Florida Democratic gubernatorial candidate Andrew Gillum said Thursday that President Donald Trump has provided "cover" to people who are racist and has contributed to the degradation in the nation's political discourse.
"I have not called the President a racist, but there are racists in his sympathizers who believe he may be, which is why they go to his aid, which is why he has provided them cover. I believe his cover has led to much of the degradation in our political discourse," Gillum told CNN's John Berman on "New Day" Thursday.
Crime, law enforcement and corrections
Elections and campaigns
Government and public administration
Larceny and theft
Political Figures - US
Racism and racial discrimination
On Monday, Trump posted on Twitter that there is a choice in Florida "between a Harvard/Yale educated man" -- referring to the GOP candidate Rep. Ron DeSantis -- and a "thief," referring to Gillum, for governor. Critics decried Trump's attack as a racist dog-whistle.
DeSantis has seized on Gillum's 2016 decision to accept a ticket to the Broadway show "Hamilton" from a group that included an undercover FBI agent, according to text and email records released under subpoena last week, as evidence that an ongoing federal corruption probe in Tallahassee is closer to the mayor than had been previously reported.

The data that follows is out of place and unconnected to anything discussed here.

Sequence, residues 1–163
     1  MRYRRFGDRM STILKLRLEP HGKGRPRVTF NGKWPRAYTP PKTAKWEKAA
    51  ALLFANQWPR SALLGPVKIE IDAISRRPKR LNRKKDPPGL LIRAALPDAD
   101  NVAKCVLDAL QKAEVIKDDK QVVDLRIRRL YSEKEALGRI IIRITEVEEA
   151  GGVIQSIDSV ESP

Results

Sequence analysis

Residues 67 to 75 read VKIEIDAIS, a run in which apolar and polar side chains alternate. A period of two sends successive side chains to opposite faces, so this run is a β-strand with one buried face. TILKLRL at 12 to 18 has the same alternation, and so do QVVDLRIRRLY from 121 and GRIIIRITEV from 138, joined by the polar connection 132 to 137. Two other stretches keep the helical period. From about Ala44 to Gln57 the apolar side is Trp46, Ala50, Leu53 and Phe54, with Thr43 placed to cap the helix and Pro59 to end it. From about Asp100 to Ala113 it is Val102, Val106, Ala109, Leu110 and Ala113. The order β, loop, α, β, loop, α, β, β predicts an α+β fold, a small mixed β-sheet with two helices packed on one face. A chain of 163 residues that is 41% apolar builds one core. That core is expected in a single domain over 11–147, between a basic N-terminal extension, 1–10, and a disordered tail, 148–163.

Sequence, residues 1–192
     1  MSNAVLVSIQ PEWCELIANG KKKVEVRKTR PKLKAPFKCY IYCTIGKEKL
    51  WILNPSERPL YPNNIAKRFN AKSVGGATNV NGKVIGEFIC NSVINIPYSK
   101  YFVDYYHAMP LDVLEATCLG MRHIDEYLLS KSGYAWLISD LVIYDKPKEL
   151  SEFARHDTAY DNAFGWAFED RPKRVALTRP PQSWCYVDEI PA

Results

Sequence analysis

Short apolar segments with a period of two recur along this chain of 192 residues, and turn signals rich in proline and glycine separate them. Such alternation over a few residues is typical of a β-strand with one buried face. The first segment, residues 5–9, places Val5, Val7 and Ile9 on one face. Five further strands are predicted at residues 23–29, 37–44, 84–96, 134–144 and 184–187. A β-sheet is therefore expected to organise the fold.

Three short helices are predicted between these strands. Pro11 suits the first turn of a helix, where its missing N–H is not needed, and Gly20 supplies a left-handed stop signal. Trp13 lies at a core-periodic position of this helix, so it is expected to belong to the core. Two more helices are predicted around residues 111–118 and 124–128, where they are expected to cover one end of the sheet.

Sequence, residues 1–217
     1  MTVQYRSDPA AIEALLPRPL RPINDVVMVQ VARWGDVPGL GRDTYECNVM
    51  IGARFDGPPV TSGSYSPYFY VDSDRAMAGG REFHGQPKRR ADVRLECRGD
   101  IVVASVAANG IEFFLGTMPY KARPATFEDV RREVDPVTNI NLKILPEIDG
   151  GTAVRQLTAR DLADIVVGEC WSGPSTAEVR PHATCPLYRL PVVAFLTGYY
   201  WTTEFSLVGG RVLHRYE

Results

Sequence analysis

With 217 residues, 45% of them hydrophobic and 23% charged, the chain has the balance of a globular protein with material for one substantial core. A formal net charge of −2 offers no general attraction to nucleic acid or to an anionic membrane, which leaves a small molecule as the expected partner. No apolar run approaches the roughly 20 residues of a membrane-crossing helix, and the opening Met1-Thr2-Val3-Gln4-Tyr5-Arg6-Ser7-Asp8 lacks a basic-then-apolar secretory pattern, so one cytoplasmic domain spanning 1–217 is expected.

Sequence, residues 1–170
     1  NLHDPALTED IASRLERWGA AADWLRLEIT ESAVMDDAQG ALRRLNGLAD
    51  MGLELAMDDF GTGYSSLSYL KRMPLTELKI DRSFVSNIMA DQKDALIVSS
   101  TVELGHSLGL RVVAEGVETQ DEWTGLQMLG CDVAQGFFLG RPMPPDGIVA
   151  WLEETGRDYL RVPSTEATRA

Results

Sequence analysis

The corruption probe centered on whether developers successfully influenced city projects. No one has been charged with any wrongdoing.
Gillum suggested that Trump's attacks are "beneath the station of the office, and it's beneath the intelligence of the voters who we're trying to engage in this race and act on their behalf."
In a rally for DeSantis at Fort Myers Wednesday night, Trump repeatedly hit Gillum, saying that he wanted to "abolish ICE" and "supports deadly sanctuary cities."
"Andrew Gillum wants to throw open your borders to drug dealers, human traffickers, gang members and criminal aliens" Trump said.
Gillum told CNN that Trump and DeSantis "have no relationship with the truth."
"The President is attempting to use scare tactics, fear-mongering," Gillum said. "I just happen to believe they are sorely underestimating the people of my state. That's not the brand of politics that we want."